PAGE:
Clinton tells opposition Syria must be free

US ambassador is returning to Damascus; secretary of state meets with Syrian opposition in Geneva.

December 7, 2011 04:01
3 minute read.
US Secretary of State Hillary Clinton.

Hillary Clinton speaking 311 R. (photo credit: REUTERS/Yuriko Nakao )


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WASHINGTON – In a show of support for anti- Assad opposition members, US Secretary of State Hillary Clinton met with one of two Syrian opposition coalitions on Monday hours before Damascus denied that it had begun a significant crackdown on rebel groups.

The secretary of state met with seven leaders of the Syrian National Council (SNC), including the organization’s president Prof. Burhan Ghalioun, for nearly two hours in Geneva, Switzerland, in order to hear its plans for a democratic transition and for reaching out to Syria’s varied ethnic and religious minorities.

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The seven-member delegation included a woman, Christians, a Kurd, an Alawi, a Circassian and Sunni Arabs.

State Department officials said that Clinton and the SNC members spoke about the divideand- conquer approach of Assad’s regime in pitting Syrian minorities – such as Kurds and Assyrians – against each other, and the use of violent strategies such as the targeting of children and rape against both men and women.

One opposition member told Clinton that “it is the regime that is trying to militarize, sectarianize and Islamicize our revolution for dignity.”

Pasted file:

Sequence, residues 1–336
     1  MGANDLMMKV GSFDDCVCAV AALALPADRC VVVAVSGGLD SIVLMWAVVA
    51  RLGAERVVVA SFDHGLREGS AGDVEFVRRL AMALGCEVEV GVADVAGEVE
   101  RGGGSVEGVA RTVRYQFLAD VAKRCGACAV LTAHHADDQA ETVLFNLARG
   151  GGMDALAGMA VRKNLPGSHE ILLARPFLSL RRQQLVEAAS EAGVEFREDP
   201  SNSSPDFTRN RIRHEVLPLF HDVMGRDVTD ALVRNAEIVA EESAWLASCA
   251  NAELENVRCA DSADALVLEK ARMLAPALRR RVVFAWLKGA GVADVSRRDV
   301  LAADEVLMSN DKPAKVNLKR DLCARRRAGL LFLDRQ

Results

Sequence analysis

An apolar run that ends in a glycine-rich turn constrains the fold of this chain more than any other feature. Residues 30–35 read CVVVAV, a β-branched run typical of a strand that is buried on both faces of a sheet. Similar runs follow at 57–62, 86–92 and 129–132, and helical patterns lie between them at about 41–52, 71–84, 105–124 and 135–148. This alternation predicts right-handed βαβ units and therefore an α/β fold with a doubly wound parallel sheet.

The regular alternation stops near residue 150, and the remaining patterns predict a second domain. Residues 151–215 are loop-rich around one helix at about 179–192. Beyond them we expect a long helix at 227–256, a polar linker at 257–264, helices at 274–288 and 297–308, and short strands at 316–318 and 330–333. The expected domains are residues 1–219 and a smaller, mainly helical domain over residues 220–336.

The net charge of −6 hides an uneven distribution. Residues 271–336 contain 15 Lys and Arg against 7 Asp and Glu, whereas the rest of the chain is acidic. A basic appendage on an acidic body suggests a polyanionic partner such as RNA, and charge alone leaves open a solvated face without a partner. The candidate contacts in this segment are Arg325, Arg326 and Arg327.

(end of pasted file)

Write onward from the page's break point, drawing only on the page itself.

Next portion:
Clinton expressed her hope that Assad would agree to step down and leave office in the near future, and complimented the SNC’s transition plan, saying that it should even appeal to Syrians who supported the Assad regime as ensuring regional stability.

The meeting also discussed the Arab League initiative on Syria, and the importance of the Assad regime implementing the steps as it agreed to do in early November.

A senior State Department official said that “the United States considers the Syrian National Council to be a leading and legitimate representative of Syrians seeking a peaceful, democratic transition,” but stopped short of offering any official status to the coalition. The SNC is the newer of the two opposition coalitions, and is considered to be more conservative, including members of the Syrian wing of the Muslim Brotherhood.

The State Department acknowledged that it is also carrying out additional conversations with other Syrian opposition figures and groups, but one senior official reiterated Washington’s satisfaction with the planning carried out by the SNC.

Despite the show of support, the State Department denied that Clinton’s Monday meeting had been planned, together with the return of US Ambassador Robert Ford to Damascus after a weeks-long “visit” to Washington.

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State Department deputy spokesman Mark Toner said Tuesday that Ford is “going to continue the same kind of work he did previously, which is delivering our message of support for the Syrian people, and trying to provide reliable reporting on the situation on the ground, and engaging as best he can, given the limitations, with the full spectrum of Syrian society, on how to both end the bloodshed and begin a democratic transition.”

Toner did, however, add that Clinton’s meeting and Ford’s return “is all part of this consistent drum beat, and the message is that we care about the Syrian people, [that] we are working with the Syrian opposition to find ways that they can be more responsive to the Syrian people, as well as find ways to lead this democratic transition and also that we’re putting Ambassador Ford back because we... think he plays an effective role in calling the world’s attention to what’s going on there."

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